Wacky Wheels


Following my previous experience with Zool, I have started another game project in parallel; a 3D version of the Wacky Wheels game. With Zool, the main challenge was the acquisition of the game assets, for Wacky Wheels however, it is an entirely different story as the differents formats of the game data files are well documented.

I have therefore been able to get started pretty quickly and within hours I could see some results.

Figure 1 : the first track of the first class, with a naive implementation of the background

Figure 2 : the second track of the first class

Figure 3 : the fourth track of the first class

Figure 4 : correct implementation of the background (preliminary)

From the lessons I’ve learned while working on Zool (and the time I spent on it), I have decided to delegate some of the work on this project for the following reason : it is an unrealistic task as a one-man job (to be done in a realistic time frame). Ultimately I can realize that project from start to end, but how long would it have taken ? Hence my decision of splitting up the job.

I guess that it is certainly the best decision for this project to be up in a reasonable time frame. There is a part of the project that I will first finish however; the low-level plumbing. I think this is an essential aspect for making it incentive to potential contributors.

Obviously there is still a lot left to be implemented so it looks like the original game. But in my opinion, there is less work to be done than in Zool as I will reuse some of the components I have developed for it and there is less interaction in this game compared to it.





Table of contents




I have started working on a remake of the Zool game, if you don’t know it you can see some footage here. Before starting the coding of the game itself, I’ve decided to do some investigation to assess the complexity of such project. And from the results of this investigation a couple of things emerged. To address this aspect I’ve decided to craft a specific software and I am going to present it to you now.


Since this project is a remake, I had to get hold of the original assets of the game. Considering the original platform of the game, the Amiga, there were a couple of hurdles in accessing them. Beside the characteristics of the platform such as the usage of planar graphics, there was the fact that this platform used custom file systems and crunchers. In addition to these issues there was also the topic of understanding the game’s internals and mechanics.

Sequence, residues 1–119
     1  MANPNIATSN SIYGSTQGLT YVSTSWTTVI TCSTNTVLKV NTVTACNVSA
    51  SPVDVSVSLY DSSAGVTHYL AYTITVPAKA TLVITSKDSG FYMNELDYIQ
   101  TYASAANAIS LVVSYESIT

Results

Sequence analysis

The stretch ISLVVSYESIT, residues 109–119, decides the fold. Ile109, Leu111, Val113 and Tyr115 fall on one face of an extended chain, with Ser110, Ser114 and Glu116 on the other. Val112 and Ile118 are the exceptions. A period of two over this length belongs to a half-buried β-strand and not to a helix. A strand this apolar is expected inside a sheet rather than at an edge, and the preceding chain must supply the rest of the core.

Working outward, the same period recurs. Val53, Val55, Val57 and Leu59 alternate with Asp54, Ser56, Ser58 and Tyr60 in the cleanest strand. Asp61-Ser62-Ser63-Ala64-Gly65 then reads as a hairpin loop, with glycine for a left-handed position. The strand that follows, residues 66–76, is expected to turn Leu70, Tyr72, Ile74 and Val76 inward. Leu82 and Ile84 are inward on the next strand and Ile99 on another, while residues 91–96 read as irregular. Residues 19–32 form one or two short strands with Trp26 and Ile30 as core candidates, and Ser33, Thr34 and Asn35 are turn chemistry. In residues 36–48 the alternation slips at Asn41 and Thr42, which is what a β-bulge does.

I have set up an environment consisting of a virtual machine running an Amiga along some tools. The task of this environment was to retrieve the assets and decrunch them. Once done, the next step was to reassemble these raw assets to their original form before they got packed, for instance, graphics meant to be sprites with animations.

This is where the software I have mentioned plays a key role as it greatly simplifies this process. In addition to addressing these aspects there was another to consider; the fact that these assets were going to be used in a modern game framework. The software addresses that point by re-packing them into modern containers.

Note : an aspect that I haven’t covered regarding the reassembling step in this section is the fact that ‘parameters’ must be retrieved from the game in order for this step to be successful; I will cover this aspect in the next section.


Software has been developed using WPF and uses features such as data-binding and commands. Of the challenges encountered there was the definition of the different types of assets along their parameters, their final form and their representation on-screen. Below you can see diagrams about how these parts have been represented in the system.

Figure 5 : the final form of a raw asset that has been processed and will be further exported

Figure 6 : different types of assets along their parameters

Figure 7 : presenters which are responsible for previewing the assets in the UI

Regarding the parameters needed for each type of asset, they all have been reverse-engineered from the game, whether by debugging the in-game memory or by deciphering the different file formats.

As the software is now mostly finished, I have started packing all these raw resources to form a ‘catalog’ that I will use when coding the game. Obviously they will be in a format easier to manipulate as this was the primary goal.


Below some screenshots of the different types of assets currently decoded by the software.

Figure 1 : a level which needs an associated tile-set and palette

Figure 2 : a tile-set, in fact packed in a well-known container (ILBM)

Figure 3 : a set of sprites, packed in a specific format

Figure 4 : a palette, a key element mostly retrieved from memory dumps


Right now the software fulfils its role. There are still a few things that needs to be implemented such as higher levels objects like characters and interactions to really represent the whole content of the game.

When this is accomplished, I will complete the cataloging of all the game’s assets and everything related to the in-game experience as suggested above. Finally, I will start the coding of the game itself and once it is mature enough, the project will go public and will be open-sourced.

Direct2D canvas for SharpDX

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